The Marine lieutenant colonel who spent six days testifying on national television about the Iran-contra affair has become a symbol for the palates of America. In Tonawanda, N.Y., there's the Oliver North sandwich -- it's a hero. But his inspiration doesn't stop with food.

There are North dolls, North bumper stickers, North T-shirts, North videotapes. Not to mention the North haircut.

"People like the idea of the little guy beating up on the big guys," said Gary Burbank, who spun discs Tuesday called "Ollie B. Good" and "The Kukla, Fawn and Ollie Song" on WLW radio in Cincinnati. "He's proving that you really can beat city hall."

Sam and Chuck Miano, at the Old Man River Doghouse in Tonawanda, put a lot of thought into their sandwich.

"It consists of red-blooded American beef," said Chuck. "And a little bologna." Add shredded lettuce, a cucumber in honor of North's coolness under fire and "bank" with Swiss cheese. Then, tomato and onion, red and white, and a top-secret sauce, "an old Iranian recipe."

The sandwich comes on a hero roll and sells for $2.49, or 3,000 cordobas, the currency of, you guessed it, Nicaragua. They're selling about 30 a day.

In Lake Elsinore, Calif., the Park Plaza cafe' is offering shredded cheese omelet and the "Ollie's Gottem Buffaloed Burger," made of bison meat.

"We're suggesting to customers that they order and then divert their omelet or buffalo burger to someone else and order another," said Charlie Dieringer, day manager of the cafe'.

You can eat North's words at a Baskin-Robbins in Greenwich, Conn., where Joe Dell'Orfano created a $27.95 Oliver North ice cream cake. A molded soldier holds shredded but inedible documents above a very edible motto that reads: "I don't recall."

If it's happy hour, you can make a Jollie Ollie with a strawberry margarita (that's the red), curac ao (blue) and whipped cream (white). Or you can go to El Greco's in Southgate, Ky., and plunk down $3 for one.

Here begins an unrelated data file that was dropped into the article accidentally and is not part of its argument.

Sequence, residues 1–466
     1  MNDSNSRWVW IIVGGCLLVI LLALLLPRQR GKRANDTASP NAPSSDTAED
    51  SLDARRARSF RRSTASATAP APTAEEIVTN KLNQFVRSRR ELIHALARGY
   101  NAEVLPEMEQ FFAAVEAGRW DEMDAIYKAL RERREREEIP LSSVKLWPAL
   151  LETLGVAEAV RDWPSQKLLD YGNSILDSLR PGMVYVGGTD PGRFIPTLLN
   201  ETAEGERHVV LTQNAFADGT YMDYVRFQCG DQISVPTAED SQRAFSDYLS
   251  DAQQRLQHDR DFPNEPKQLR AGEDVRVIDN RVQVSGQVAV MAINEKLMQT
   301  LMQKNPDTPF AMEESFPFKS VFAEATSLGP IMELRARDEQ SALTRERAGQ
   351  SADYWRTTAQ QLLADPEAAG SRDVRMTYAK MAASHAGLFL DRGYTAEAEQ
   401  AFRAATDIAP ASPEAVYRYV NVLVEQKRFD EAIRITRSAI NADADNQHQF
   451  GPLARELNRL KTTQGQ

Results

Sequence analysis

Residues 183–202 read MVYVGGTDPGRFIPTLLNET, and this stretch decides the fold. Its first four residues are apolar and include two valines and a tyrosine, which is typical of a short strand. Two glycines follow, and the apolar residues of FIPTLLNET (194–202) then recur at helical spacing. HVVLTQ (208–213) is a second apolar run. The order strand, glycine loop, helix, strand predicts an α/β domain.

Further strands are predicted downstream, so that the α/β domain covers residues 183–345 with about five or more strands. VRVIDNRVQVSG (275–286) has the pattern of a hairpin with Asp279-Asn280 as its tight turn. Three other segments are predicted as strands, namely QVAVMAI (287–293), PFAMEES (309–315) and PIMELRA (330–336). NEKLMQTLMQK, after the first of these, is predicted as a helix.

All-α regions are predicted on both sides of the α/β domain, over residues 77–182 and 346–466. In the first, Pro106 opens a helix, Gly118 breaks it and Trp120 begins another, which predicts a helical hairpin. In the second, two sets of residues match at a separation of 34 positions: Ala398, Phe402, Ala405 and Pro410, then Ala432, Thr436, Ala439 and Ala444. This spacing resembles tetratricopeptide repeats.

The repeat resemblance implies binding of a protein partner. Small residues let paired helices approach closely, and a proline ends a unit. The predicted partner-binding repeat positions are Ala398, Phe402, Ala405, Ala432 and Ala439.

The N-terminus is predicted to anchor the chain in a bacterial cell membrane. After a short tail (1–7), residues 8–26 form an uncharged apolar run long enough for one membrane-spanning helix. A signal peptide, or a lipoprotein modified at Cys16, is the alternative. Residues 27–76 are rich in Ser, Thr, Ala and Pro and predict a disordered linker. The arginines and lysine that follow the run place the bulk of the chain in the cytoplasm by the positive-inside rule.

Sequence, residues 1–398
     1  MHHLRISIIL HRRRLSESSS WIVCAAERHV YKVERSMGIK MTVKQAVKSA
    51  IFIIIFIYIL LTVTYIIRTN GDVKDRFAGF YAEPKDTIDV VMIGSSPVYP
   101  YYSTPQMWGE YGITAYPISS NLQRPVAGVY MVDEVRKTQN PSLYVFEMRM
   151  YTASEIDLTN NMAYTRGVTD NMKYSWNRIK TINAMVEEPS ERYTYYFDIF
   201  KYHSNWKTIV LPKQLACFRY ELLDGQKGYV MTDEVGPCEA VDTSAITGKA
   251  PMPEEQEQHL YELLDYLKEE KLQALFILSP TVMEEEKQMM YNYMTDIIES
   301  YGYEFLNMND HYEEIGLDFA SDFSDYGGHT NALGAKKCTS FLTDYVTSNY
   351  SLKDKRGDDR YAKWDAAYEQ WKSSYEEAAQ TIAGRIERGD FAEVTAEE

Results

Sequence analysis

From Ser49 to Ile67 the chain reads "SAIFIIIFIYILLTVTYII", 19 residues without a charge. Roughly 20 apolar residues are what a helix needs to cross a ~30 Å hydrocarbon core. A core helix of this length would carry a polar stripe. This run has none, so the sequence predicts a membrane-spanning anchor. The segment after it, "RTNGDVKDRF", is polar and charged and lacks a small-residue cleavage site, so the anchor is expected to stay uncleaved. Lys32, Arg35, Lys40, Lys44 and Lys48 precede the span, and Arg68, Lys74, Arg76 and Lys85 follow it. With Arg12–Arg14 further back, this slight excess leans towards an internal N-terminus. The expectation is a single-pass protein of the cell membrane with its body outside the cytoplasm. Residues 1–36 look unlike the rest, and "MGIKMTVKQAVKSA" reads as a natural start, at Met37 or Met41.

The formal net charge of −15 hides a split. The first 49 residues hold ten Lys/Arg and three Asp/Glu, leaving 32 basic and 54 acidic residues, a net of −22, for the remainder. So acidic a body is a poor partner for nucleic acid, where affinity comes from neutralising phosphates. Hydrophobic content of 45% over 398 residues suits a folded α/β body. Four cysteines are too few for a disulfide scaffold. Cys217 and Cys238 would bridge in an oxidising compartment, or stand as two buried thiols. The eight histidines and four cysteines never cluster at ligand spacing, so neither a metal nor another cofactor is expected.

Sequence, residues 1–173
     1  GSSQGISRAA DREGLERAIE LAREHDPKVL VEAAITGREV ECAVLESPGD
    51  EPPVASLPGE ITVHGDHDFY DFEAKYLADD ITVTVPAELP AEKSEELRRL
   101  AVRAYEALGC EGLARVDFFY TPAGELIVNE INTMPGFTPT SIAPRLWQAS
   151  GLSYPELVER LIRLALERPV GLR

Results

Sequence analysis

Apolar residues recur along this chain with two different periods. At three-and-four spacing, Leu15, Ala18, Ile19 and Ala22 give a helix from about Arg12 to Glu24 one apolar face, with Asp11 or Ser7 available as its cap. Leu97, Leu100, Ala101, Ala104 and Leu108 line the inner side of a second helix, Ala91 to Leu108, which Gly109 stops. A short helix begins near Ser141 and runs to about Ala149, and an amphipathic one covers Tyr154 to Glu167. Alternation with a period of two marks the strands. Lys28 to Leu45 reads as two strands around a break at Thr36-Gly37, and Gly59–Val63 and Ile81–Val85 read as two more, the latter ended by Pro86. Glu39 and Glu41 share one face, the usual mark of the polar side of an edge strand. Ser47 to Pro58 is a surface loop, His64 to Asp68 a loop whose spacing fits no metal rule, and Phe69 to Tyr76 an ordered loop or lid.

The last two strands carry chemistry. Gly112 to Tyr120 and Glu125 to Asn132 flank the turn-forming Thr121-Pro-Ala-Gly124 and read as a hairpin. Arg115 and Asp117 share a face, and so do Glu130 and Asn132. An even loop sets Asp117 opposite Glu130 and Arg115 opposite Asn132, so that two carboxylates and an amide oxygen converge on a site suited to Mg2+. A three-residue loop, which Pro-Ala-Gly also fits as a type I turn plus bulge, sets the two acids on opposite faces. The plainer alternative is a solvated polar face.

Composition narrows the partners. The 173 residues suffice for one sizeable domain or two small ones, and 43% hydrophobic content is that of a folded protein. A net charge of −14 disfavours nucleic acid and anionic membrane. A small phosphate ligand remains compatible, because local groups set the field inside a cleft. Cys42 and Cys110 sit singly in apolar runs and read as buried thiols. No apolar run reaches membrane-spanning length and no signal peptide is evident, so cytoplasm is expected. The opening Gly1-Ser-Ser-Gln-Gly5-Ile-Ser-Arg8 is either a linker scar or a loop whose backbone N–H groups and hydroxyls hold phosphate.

On the Christmas present front, forget G.I. Joe, and maybe Barbie and Ken, too. The Hudsons of San Francisco plan a foot-high Ollie doll, with a Betsy North doll, modeled on North's wife, to follow.

"It's impossible for it not to sell," said business consultant John Lee Hudson, whose wife Shana designed the Ollie doll.

They expect the dolls, priced between $9.95 and $19.95, to be manufactured in Taiwan, South Korea or Hong Kong, and hope to have the first ones on the shelves by late summer.

"Ollie" will wear a full Marine uniform. "He'll also be wearing the Ollie North glasses and have the Ollie North hair," Mrs. Hudson said.

Ah, that hair. It's a boon for barbershops as customers opt for the clean-cut look. Gene Mackey, a barber in Little Rock, Ark., described it as tapered on top and medium length on the sides, without the "whitewalls" of fresh skin over the ears usually associated with military cuts. Five customers asked for it Tuesday.

If it's America there must be bumper stickers, and the North craze is reaping a rich crop. In Grants Pass, Ore., Ed Martinez, organizer of Americans for Oliver North, offers "America Loves Ollie" or "Ollie North Shreds Left Wing" for $5, with donations going to help pay North's legal costs.

Malvin Mann, owner of a Moncks Corner, S.C., printing company, is selling "Ollie North for President" stickers to raise $5,000 for North.

A 90-minute tape of Ollie's greatest hits will be available for $19.95 from MPI Home Video, featuring highlights of North's testimony along with testimony from other witnesses.

Tri-State Sportswear in Cincinnati plans a collection of "Ollie for President" T-shirts, complete with a photo framed in red, white and blue.

Said Tri-State owner Carol Dotson: "He's getting more attention than the cicadas."